Overnight there was a brief thunderstorm and the showers continued on and off during the morning. We were treated to some spectacular skies all day. First stop was the famous opal mining town of Coober Pedy for breakfast and a refuel. For many kilometres north of the town the landscape was pimpled with countless mounds that are the result of noodling – fossicking for opals.
Soon after, more features started to appear in the landscape; break-aways, jump-ups and gradually more trees. By the time we reached Marla, last stop before crossing into the Northern Territory, we were travelling through mulga scrub. The final 200km was spectacular with rugged weathering ranges, groves of desert oaks and ephemeral waterways.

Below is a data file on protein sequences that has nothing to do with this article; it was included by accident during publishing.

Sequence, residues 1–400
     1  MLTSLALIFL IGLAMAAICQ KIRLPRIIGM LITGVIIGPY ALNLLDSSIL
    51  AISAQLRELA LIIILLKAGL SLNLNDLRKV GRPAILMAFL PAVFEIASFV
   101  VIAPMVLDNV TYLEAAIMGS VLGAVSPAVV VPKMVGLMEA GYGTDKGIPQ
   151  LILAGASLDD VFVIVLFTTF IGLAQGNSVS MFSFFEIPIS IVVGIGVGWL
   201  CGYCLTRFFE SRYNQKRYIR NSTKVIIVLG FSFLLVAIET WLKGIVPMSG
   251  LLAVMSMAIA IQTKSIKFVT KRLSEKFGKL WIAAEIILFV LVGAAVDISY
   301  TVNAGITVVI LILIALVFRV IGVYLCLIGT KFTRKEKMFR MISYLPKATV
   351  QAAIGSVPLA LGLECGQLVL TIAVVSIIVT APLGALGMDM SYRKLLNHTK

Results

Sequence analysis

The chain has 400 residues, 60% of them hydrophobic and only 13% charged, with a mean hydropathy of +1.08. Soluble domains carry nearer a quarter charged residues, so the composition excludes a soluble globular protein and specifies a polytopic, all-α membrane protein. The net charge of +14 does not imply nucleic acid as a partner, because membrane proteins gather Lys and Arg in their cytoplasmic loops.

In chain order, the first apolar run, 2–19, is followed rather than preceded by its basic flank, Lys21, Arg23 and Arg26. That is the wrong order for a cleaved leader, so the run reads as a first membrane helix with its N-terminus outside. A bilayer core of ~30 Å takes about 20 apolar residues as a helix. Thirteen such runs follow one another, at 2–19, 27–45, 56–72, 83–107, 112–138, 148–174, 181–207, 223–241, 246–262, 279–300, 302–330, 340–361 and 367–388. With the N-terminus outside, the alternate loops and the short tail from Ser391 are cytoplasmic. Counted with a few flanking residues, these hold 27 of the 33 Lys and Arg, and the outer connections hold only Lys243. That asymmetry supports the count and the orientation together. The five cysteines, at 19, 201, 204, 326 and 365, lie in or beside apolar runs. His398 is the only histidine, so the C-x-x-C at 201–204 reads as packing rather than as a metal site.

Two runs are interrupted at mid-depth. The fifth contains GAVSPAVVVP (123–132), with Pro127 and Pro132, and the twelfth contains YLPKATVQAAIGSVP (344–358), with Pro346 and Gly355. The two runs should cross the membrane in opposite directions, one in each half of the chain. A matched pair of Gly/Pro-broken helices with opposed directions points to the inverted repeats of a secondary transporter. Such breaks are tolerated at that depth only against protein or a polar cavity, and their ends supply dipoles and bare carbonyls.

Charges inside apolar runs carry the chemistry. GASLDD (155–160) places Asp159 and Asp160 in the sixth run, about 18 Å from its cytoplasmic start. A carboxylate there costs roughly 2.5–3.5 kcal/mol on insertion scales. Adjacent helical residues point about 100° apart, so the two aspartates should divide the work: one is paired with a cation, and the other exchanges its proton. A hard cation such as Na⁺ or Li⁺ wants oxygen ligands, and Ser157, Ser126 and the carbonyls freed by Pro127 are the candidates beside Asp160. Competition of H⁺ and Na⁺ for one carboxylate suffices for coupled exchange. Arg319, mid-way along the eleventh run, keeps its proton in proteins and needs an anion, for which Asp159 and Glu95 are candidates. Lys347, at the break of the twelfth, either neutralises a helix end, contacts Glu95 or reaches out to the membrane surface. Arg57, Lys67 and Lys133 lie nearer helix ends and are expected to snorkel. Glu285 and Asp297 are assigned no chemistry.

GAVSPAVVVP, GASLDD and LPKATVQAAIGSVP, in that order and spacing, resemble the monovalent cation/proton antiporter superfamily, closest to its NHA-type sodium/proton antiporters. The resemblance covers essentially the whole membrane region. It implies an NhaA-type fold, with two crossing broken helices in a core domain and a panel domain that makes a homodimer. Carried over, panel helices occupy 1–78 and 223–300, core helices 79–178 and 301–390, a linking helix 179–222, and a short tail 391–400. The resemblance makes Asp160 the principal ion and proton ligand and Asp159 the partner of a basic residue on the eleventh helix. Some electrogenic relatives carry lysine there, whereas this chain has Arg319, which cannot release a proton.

About 120km before Alice Springs we reached the Finke River crossing and of course stopped to get our first glimpse of the river which I will follow for it’s entire 700km course. Greg Yeoman and I camped about 200m south of the bridge during our Great Australian Cycle Expedition in 2004. It was then that I first understood the importance of the mostly dry river bed and it was then the seed for this upcoming expedition was planted.
Once in Alice Springs we headed straight for our accommodation. Brian, who had flown from Melbourne this morning, was waiting to meet us. It was an exciting moment when the three of us came together for the first time. We are all passionate about the outback and I felt proud that these two had committed to joining this expedition. There is a lot of trust because we had virtually not met before; Brian had put his hand up to be involved about a month ago when a mutual friend asked around to find a filmmaker. Similarly, Bob answered the call when Todd Tai, chair of the ANZEC Explorers’ Club asked around. I had not met Bob face to face until Mildura and today was the first time he had met Brian. There is a lot of trust between us and we share the excitement of the potential story that is about to unfold.